- On September 29, Massachusetts’ top appellate court released an order directing state trial judges who conduct virtual bench trials in criminal cases to “explain to the defendant the procedure to be followed during the trial, including how to communicate with counsel, and the arrangements made for witness testimony and the public’s access to the proceedings.” It also informs trial judges that they “shall obtain a defendant’s assent to a virtual bench trial on the record[,]” else it appears the trial would be held in person despite COVID-19 risks. For those interested in reading the complete order, click here.
- On September 29, the New York Department of Financial Services issued a proposed regulation to implement a new bill, which requires consumer-like disclosures for “commercial financing” transactions of $2.5 million or less. It would become effective on January 1, 2022. Comments on the proposal will be due no later than 60 days after the date it is published in the State Register. For more information, click here.
- On September 25, Michigan Attorney General Dana Nessel issued a press release regarding the September 26 implementation of the Financial Exploitation Prevention Act. Per the press release, the statute “enacts new requirements on financial institutions to ensure they have training and procedures [in place] to better recognize the signs of financial exploitation and take action to protect those who are unable to protect themselves from abuse, neglect, or exploitation because of a mental or physical impairment or because of advanced age.” The act “also allows financial institutions to freeze customer transactions or assets under certain circumstances; provides immunity from criminal, civil, or administrative liability to financial institutions for actions taken in good faith under the Act; and provides for the powers and duties of certain governmental officers and entities to enforce the Act.” For more information, click here.
- On September 23, the Division of Banks of the Massachusetts Office of Consumer Affairs and Business Regulation issued a supervisory alert to warn financial institutions of the potential legal and regulatory risks related to the disclosure of nonsufficient funds fees. For more information, click here.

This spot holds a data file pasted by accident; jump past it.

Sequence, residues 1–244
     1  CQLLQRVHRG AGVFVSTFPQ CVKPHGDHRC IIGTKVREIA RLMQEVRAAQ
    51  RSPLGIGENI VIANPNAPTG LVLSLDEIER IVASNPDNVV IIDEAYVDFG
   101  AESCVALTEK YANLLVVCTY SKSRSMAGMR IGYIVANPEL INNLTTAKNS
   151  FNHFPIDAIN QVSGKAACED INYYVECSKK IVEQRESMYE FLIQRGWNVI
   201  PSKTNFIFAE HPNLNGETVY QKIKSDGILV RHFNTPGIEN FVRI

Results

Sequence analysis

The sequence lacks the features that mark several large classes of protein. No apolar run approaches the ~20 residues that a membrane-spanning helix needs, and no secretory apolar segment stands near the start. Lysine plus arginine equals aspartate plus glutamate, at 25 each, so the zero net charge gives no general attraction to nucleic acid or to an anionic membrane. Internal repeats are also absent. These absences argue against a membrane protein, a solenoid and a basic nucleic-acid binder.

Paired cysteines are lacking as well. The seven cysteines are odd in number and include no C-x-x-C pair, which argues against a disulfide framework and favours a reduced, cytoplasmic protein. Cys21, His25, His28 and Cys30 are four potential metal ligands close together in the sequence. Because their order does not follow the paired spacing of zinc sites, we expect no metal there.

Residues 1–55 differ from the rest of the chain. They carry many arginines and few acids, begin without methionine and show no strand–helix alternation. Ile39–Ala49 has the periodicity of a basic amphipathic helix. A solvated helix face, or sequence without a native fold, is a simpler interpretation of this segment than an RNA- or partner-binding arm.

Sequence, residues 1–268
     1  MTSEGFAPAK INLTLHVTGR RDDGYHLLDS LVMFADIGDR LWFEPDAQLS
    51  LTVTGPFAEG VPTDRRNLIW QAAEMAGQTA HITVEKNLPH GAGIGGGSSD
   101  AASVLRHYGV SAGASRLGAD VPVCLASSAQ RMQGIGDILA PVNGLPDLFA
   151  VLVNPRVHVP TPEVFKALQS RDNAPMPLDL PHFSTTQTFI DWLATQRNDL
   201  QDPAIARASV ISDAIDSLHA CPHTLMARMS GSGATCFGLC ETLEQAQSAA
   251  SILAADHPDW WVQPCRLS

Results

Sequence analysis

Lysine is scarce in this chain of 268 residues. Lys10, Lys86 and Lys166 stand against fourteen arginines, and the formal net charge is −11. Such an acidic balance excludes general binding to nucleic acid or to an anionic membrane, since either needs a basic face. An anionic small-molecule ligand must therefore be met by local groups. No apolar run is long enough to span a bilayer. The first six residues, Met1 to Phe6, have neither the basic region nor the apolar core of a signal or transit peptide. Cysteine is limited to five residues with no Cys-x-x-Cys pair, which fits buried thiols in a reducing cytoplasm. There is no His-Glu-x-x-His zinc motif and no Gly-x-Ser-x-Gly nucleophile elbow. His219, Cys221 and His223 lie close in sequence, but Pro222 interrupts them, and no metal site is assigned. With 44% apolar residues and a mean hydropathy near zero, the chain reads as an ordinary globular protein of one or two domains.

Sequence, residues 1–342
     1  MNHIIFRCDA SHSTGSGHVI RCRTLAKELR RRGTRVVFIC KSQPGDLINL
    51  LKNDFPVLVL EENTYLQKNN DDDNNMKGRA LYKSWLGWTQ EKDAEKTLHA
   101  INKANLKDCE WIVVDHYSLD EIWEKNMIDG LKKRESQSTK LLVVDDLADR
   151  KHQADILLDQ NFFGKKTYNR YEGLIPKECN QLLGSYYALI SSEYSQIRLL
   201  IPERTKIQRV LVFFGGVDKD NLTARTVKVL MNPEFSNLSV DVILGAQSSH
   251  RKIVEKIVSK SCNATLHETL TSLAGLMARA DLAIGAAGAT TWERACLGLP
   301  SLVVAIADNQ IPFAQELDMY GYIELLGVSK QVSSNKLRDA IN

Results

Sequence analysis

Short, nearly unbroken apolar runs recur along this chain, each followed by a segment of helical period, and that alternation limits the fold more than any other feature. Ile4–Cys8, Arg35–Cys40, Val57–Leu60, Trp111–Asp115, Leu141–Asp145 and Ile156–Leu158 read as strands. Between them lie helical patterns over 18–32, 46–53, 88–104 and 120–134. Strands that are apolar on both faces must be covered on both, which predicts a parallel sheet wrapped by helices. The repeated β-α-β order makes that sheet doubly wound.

- On September 30, the U.S. Department of Health and Human Services’ (HHS) Office for Civil Rights (OCR) issued guidance and a reminder to the public — specifically to employers — that the Health Insurance Portability and Accountability Act of 1996 (HIPAA) Privacy Rule “does not apply to employers or employment records.” HHS reminds the public that HIPAA’s Privacy Rule “only applies to HIPAA covered entities (health plans, health care clearinghouses, and health care providers that conduct standard electronic transactions.), and, in some cases, to their business associates.” For those interested in reading HHS’ full statement, click here. For those interested in learning more about the privacy implications of vaccination requirements in the workplace, check out Troutman Pepper’s Law360 article by clicking here.
- On September 27, the FTC released guidance to individuals who believe they may have paid a scammer, likely due to the continued economic effects caused by the COVID-19 pandemic. While the FTC’s guidance focuses on individuals who paid someone, it is likely they also shared their personal information. The FTC recognizes that “[s]cammers can be very convincing[.]” However, what should individuals do after they have been scammed? The FTC informs the public that they should immediately contact their bank, gift card provider, or credit card company used to send money. Those who wired money to the scammer should contact the wire transfer company right away. To read the FTC’s complete guidance, click here.